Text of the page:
Reviewed by Roy T. James for Readers' Favorite Champion Your Career by Halimah Bellows is aimed at helping one find out what works. One can make one's own life and can champion one's career, becoming successful at whatever the vocation chosen. Beginning with theories of career development, Halimah introduces the Holland code - defining one's interests, aims and ambitions to reduce the complex problem of selecting and managing one's career by correctly identifying the value of the code. The importance of a few parameters like ‘passion’ and ‘purpose’ in one's choice of career also finds mention in this. Helpful questionnaires, forms, charts and step wise procedures to make easy identification of one's inventory of strengths enable application of tools like SMART and SWOT analysis to career management. The five stages of retirement, tips for a good resume, and chapters on internet resources for jobs make this book a complete guide. Champion Your Career by Halimah Bellows is, in fact, an eye opener. It taught me many new facets of things I knew, as well as a few I did not, with reference to selection of one's career and the tools available for that. The book follows a logical flow and each new idea is introduced with ample assistance from charts and lists to make comprehension easy. I found one suggestion contained in it quite apt; why not replace the word 'retirement' with 'renaissance' or 'graduation' or (say) 'job-re-searcher'? An excellent book as far as selecting, nurturing or managing a career goes.
Reviewed by Jack Magnus for Readers' Favorite Champion Your Career: Winning in the World of Work is a non-fiction occupational self-help book written by Halimah Bellows. The author is a career counselor who coaches people of all ages on how to get their dream jobs, and she also offers workshops on personal and professional development. Her book begins with a personal assessment on what the reader's ideal future looks like, and she asks the reader to consider what things they enjoy doing or simply feel they are good at. She cautions against relying on others’ opinions on what you should do and to instead start writing down those things which make you feel enthusiastic and involved. To this end, Bellows offers a look at the Holland Code Model which can help people determine what type of jobs are most suitable for their distinct personalities and preferences. She follows this analytical chapter with advice on embarking on second or third careers, increasing one’s skills, building a strong network and finding fulfilling ways to spend one’s retirement years. Each chapter offers exercises designed to make career championing a personal quest and includes links to relevant literature. Bellows dedicates a chapter to students that showcases the various assessment tests and informational guides that are available for students. Halimah Bellows’s non-fiction self-help book, Champion Your Career: Winning in the World of Work, shows how to make that dream job a reality if you’re willing to put in the effort required. Many of the exercises she proposes are fun and make a lot of sense at the same time. I particularly enjoyed those that had the reader look back at things he/she was good at as a child or young adult, as so many of those past pleasures or accomplishments can give the job seeker invaluable insights into what occupations will make working a pleasurable and fulfilling experience. Even if you’re relatively happy with your current position/career path, the techniques and information presented in this book may still help make a huge difference in job satisfaction. As the author writes, the average worker dedicates one-third of their lives to their careers, so I was impressed by the suggestions and exercises she presents that show how the opportunity to do what one loves, rather than to suffer through the week waiting for the weekend, can be developed with some diligence and introspection. Her chapter on retirement options is a stimulating and informative guide for those who want to make their retirement years a ‘renaissance’ rather than a withdrawal from life. There’s also a comprehensive appendix filled with links, advice on interview skills and preparation, and literature in the field. Champion Your Career: Winning in the World of Work is most highly recommended.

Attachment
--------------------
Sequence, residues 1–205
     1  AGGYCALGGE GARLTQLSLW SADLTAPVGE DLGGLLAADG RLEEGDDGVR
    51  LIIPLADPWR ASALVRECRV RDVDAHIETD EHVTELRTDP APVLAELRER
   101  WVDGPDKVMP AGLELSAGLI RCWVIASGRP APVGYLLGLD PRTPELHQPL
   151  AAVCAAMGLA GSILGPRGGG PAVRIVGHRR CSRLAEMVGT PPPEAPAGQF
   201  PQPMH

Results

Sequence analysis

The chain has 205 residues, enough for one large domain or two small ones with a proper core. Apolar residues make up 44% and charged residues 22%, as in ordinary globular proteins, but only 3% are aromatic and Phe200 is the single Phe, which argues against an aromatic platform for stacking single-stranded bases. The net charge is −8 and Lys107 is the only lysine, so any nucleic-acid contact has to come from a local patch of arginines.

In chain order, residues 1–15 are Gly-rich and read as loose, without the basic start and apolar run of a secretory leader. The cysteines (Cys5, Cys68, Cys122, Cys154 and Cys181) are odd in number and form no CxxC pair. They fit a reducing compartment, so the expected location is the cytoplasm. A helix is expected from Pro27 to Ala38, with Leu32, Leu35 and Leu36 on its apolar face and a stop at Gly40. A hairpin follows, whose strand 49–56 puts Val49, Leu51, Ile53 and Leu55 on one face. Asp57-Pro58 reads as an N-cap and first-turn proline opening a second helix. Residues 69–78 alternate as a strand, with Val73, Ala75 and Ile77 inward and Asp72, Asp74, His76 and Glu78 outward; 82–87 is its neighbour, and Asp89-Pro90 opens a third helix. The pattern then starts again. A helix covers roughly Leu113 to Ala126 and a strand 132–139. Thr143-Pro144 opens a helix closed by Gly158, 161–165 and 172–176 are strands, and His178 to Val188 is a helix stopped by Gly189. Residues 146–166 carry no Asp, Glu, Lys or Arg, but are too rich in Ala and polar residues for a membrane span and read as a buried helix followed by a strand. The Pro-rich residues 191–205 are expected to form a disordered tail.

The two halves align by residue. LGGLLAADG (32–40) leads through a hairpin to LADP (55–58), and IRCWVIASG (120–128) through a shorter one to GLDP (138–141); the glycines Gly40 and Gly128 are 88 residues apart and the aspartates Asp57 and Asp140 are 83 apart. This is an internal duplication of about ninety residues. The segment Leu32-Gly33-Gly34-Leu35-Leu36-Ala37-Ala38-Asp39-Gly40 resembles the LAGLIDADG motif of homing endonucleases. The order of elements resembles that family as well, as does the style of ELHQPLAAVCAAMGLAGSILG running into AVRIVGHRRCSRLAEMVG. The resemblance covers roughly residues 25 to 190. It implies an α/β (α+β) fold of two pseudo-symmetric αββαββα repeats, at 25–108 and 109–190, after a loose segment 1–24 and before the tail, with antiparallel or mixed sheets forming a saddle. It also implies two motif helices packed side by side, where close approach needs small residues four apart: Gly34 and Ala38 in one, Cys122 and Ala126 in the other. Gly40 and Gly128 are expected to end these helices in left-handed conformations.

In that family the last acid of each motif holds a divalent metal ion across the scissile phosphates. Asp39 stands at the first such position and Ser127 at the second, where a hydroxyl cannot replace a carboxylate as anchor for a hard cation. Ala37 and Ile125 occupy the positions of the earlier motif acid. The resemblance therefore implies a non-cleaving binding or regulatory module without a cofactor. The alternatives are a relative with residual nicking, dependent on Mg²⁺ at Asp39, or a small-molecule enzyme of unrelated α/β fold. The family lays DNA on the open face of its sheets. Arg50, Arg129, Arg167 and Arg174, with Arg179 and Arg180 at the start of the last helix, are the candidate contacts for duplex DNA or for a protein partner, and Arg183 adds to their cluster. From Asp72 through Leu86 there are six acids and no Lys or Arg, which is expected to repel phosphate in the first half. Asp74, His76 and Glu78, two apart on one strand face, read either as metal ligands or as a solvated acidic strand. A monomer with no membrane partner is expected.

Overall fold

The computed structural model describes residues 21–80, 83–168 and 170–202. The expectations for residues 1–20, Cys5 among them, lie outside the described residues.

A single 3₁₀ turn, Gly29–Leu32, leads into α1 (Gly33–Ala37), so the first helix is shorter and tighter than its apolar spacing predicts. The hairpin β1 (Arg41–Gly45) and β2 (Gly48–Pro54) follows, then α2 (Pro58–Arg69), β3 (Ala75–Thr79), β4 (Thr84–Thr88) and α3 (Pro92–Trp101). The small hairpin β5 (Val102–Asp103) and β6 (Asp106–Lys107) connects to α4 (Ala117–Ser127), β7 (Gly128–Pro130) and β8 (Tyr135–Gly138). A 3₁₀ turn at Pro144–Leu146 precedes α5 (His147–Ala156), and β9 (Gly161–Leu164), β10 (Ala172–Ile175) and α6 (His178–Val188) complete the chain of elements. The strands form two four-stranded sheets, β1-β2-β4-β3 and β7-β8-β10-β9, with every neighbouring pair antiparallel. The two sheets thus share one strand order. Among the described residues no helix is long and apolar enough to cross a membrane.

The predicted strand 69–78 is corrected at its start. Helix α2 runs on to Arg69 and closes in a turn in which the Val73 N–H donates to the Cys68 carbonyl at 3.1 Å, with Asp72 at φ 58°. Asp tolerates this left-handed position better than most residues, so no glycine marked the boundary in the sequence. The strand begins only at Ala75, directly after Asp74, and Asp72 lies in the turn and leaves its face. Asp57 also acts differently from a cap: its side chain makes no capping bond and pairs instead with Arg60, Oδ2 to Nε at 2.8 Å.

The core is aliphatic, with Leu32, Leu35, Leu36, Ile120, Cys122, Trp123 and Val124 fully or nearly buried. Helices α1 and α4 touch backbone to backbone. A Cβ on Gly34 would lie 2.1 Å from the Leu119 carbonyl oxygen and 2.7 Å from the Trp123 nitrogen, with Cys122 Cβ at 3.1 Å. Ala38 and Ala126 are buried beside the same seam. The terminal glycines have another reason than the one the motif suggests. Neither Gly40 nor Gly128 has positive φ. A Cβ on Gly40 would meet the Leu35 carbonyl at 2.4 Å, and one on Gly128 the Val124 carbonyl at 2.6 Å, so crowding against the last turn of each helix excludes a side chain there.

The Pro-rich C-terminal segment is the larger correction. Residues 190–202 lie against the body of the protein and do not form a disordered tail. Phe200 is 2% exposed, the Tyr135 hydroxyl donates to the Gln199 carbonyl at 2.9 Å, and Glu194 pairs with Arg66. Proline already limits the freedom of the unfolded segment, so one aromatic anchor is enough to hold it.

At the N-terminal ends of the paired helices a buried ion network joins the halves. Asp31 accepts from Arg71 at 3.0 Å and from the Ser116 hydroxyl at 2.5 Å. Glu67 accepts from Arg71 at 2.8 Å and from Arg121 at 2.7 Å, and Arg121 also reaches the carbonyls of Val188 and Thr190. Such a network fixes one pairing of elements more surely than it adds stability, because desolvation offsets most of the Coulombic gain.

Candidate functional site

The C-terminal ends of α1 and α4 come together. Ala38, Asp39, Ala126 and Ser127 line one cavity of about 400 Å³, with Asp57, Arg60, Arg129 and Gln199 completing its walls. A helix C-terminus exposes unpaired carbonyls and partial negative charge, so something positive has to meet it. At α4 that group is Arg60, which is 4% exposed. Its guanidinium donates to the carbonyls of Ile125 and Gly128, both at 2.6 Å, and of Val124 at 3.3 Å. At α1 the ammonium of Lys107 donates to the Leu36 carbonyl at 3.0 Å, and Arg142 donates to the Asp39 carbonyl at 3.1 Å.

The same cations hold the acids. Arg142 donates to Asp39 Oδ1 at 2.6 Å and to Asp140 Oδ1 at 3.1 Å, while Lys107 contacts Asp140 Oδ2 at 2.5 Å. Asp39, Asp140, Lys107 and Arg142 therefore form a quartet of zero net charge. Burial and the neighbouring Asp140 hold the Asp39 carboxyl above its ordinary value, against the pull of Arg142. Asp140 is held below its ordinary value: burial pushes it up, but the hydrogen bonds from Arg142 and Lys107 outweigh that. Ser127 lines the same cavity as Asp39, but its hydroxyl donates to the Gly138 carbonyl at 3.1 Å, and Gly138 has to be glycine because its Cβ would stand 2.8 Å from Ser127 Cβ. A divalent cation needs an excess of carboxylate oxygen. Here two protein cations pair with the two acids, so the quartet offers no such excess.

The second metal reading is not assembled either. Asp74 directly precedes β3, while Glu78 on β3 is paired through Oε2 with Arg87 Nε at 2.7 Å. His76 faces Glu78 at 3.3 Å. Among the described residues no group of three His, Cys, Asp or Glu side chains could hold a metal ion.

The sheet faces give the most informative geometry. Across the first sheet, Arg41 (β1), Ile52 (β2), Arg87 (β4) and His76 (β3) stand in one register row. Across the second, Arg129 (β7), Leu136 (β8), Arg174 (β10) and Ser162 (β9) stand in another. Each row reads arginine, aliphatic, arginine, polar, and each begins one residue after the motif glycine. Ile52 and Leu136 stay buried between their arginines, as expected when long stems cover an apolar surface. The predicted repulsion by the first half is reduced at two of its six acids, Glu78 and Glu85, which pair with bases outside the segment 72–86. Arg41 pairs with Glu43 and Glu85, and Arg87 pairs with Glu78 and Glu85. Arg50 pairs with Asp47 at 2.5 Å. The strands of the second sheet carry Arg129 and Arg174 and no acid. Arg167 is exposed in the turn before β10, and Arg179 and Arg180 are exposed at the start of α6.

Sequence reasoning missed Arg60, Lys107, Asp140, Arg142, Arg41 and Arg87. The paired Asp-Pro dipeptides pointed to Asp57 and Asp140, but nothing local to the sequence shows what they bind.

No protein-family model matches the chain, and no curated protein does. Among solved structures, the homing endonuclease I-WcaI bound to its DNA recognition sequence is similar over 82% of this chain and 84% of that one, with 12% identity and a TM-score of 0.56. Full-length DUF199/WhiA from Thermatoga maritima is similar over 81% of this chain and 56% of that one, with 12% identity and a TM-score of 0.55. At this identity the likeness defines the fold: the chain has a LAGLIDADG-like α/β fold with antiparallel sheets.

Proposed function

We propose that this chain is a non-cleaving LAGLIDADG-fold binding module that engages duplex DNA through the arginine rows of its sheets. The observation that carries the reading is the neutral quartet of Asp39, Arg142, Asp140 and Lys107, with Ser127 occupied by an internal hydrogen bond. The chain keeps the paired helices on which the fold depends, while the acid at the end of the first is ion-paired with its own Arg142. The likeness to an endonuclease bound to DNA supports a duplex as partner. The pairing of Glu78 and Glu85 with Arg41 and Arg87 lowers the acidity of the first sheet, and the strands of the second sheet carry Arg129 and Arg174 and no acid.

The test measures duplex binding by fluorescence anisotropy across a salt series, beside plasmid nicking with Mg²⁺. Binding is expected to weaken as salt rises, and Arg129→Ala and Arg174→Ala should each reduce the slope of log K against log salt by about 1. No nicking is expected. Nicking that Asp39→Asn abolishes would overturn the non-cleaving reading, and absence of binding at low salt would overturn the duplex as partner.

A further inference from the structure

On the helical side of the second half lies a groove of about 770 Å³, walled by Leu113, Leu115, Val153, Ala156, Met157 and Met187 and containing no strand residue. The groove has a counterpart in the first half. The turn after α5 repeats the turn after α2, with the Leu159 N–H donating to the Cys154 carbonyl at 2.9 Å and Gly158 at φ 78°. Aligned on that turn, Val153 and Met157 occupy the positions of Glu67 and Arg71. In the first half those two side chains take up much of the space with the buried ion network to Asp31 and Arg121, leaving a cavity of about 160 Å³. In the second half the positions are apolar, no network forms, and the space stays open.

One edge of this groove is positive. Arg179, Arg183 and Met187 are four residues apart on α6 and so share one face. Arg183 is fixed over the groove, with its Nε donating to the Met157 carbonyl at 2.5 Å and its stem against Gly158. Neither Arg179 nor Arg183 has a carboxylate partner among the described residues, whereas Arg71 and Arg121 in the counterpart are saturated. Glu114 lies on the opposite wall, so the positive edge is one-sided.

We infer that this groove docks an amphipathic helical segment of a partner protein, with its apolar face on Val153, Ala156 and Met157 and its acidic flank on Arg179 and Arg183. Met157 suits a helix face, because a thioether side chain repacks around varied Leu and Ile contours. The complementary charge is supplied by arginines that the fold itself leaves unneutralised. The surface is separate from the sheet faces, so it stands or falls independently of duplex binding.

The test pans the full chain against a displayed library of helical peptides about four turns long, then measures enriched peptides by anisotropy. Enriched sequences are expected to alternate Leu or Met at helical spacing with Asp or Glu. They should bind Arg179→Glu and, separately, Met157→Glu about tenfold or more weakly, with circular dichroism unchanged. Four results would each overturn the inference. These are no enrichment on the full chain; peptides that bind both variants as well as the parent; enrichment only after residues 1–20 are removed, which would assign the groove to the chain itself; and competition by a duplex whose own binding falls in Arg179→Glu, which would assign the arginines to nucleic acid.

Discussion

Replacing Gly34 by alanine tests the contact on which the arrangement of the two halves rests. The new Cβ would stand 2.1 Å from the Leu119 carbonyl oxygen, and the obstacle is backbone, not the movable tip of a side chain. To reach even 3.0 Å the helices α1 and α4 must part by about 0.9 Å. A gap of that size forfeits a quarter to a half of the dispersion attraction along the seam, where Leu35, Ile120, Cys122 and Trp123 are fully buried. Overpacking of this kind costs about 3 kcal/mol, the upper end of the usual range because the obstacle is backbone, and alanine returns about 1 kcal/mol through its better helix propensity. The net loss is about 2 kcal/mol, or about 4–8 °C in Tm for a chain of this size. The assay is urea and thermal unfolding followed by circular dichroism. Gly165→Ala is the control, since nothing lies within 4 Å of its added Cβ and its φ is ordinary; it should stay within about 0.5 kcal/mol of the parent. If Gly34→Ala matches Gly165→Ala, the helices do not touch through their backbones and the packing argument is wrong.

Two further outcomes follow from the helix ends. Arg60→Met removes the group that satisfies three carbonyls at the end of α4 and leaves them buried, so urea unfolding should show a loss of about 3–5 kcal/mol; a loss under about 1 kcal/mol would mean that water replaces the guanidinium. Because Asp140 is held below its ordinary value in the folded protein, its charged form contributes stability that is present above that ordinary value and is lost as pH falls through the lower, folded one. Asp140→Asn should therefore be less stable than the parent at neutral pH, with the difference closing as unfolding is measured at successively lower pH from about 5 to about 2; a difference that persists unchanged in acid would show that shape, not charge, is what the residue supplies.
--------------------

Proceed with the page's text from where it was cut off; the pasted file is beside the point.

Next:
Reviewed by Gisela Dixon for Readers' Favorite Champion Your Career: Winning in the World of Work by Halimah Bellows is a comprehensive book on everything one needs to know about choosing a career. Champion Your Career is particularly targeted at people who are looking for a career change, or people looking to change careers in their mid-life. The book is neatly organized into several chapters where each chapter focuses on one aspect of changing careers, and tips and tools to do so. The subjects covered include understanding one’s strengths and weaknesses, understanding the various jobs and career opportunities available in the world, finding one’s passion, networking, and various job search and interview techniques. There are also several helpful website links provided to assist readers in their job search. I found Champion Your Career: Winning in the World of Work by Halimah Bellows to be a very useful book. I also think it is very relevant in today’s dynamic world where so many job opportunities and career paths are available, some of which are little known. Halimah Bellows has a unique, personal style of writing that instantly made me feel connected. Her advice, tips, and techniques are spot on and I am sure will be a huge help to anyone looking to switch careers or just anyone looking to improve their networking, job search, resume writing, and interview skills. I loved learning about the Holland Code model among other things and the detailed categories and related work fields were extremely useful to know. A very helpful read that I would recommend to anyone!